Franchise law will take effect later this year

"It's a first baby step, but it is as far as the government is willing to go. It will take care of the bottom feeders," franchisors who lie, intimidate and swindle franchisees. “And it does open the Pandora's Box. Once you give people hope all things are possible.”

The Record
July 5, 2000

Franchise law will take effect later this year
Dave Pink

Ontario legislation regulating future sales of franchise ventures is expected to take effect this fall.

The Arthur Wishart Act, formerly the Franchise Disclosure Act, is now awaiting proclamation after receiving third reading in the legislature in May and royal assent in June.

The law will force companies selling franchises to disclose basic financial information to prospective buyers at least two weeks before any agreement is signed.

As well, the law prohibits franchisors from punishing franchisees for meeting or speaking with other franchisees. And it stipulates that both parties have a "duty of fair dealing" including a responsibility to act in good faith and according to reasonable commercial standards.

About 1,300 companies sell franchises in Canada, dealing in everything from restaurants to auto repair shops and cleaning services. This is Ontario's first attempt to regulate the industry, but critics say the law won't adequately deal with the bulk of disputes, which tend to revolve around the interpretation of restrictive and punitive franchise agreements.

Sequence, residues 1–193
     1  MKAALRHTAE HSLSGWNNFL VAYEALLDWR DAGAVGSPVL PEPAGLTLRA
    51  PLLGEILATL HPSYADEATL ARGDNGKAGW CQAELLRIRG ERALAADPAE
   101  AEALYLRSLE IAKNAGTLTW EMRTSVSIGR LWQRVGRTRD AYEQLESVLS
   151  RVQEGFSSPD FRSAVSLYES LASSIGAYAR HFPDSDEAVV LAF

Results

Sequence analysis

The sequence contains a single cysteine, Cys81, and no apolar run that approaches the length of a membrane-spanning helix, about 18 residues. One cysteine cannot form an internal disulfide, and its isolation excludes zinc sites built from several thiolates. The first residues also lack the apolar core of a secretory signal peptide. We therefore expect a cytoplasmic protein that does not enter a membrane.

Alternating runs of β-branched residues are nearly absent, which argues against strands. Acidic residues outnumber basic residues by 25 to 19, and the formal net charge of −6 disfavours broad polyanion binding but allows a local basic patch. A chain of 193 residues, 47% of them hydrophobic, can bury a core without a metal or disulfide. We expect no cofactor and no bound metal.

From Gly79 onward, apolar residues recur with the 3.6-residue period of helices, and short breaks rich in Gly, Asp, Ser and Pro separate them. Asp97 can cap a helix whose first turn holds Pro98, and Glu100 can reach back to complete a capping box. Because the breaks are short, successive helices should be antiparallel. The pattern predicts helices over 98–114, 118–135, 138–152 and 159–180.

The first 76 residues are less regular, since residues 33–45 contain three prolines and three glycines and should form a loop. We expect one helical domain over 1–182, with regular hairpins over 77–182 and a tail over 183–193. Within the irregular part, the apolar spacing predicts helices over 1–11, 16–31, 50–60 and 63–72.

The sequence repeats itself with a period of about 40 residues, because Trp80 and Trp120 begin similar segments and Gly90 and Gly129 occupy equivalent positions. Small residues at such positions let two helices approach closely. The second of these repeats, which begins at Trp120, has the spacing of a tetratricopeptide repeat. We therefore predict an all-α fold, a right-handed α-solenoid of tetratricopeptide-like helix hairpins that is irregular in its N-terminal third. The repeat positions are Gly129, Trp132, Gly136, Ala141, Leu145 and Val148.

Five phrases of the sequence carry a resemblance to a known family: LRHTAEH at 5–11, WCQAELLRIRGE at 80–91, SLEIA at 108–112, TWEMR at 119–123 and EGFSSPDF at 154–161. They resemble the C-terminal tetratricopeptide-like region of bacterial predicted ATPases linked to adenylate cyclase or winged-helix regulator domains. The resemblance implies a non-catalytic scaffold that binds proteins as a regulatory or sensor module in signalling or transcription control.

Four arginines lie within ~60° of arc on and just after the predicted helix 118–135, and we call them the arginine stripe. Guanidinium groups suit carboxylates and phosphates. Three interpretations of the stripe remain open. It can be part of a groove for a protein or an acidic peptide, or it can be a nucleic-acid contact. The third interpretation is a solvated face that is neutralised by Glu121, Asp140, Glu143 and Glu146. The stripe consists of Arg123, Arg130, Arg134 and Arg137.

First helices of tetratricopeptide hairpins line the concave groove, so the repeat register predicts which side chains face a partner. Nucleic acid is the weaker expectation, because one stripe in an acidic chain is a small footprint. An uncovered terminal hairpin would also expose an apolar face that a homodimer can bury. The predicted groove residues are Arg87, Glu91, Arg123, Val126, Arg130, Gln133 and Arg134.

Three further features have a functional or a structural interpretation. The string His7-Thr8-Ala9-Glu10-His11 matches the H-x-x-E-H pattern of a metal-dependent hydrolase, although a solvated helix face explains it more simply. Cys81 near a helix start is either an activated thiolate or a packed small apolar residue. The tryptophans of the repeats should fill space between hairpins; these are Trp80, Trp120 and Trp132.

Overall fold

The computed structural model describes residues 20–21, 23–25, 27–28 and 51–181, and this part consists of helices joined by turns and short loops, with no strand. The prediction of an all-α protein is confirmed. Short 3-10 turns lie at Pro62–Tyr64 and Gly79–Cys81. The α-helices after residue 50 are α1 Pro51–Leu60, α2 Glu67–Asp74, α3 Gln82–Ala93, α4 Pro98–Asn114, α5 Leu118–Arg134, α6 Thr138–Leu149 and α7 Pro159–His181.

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"It's a first baby step, but it is as far as the government is willing to go," says Les Stewart of the Canadian Alliance of Franchise Operators.

But, he noted, "it will take care of the bottom feeders," franchisors who lie, intimidate and swindle franchisees.

"And it does open the Pandora's Box. Once you give people hope all things are possible," says Stewart, who notes that a great many franchise operations do deal fairly with their franchisees.

"The big thing is that franchisees now have the right to stick together and form associations. No single franchisee can afford to prove a franchisor wrong in court. The only effective way to deal with these problems is (for them) to get together and understand what the options are."

The law does have the full support of the Canadian Franchise Association, a Mississauga-based organization of franchisors.

"It's in keeping with the approach we've taken," says association president Richard Cunningham, who says his members have always had to disclose financial information to potential buyers.

"The key to the act is allowing the buyer the information they need to make the proper decision, but it doesn't put a lot of red tape in place for the people who are franchising.

"This is what the government was attempting. There is consistency now."

The franchise law has been named for the late Arthur Wishart, a lawyer and former Ontario Attorney-General, who in 1971 accepted a report from a committee headed by Samuel Grange warning of the deceptive practices of some franchisors.


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